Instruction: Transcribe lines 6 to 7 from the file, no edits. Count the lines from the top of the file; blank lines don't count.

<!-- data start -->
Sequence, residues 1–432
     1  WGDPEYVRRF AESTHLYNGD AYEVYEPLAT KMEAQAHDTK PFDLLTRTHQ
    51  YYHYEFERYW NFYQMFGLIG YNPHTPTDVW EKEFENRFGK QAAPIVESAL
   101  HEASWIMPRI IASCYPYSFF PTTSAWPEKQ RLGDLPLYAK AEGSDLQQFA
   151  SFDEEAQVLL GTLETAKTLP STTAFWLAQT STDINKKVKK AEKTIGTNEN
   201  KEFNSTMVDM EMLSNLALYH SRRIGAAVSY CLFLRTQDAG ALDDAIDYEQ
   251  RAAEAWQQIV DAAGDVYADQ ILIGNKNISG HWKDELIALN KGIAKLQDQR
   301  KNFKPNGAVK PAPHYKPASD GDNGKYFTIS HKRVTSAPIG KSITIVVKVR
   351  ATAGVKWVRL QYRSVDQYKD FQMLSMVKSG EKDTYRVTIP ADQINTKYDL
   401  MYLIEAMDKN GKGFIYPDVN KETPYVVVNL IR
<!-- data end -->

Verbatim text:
   201  KEFNSTMVDM EMLSNLALYH SRRIGAAVSY CLFLRTQDAG ALDDAIDYEQ
   251  RAAEAWQQIV DAAGDVYADQ ILIGNKNISG HWKDELIALN KGIAKLQDQR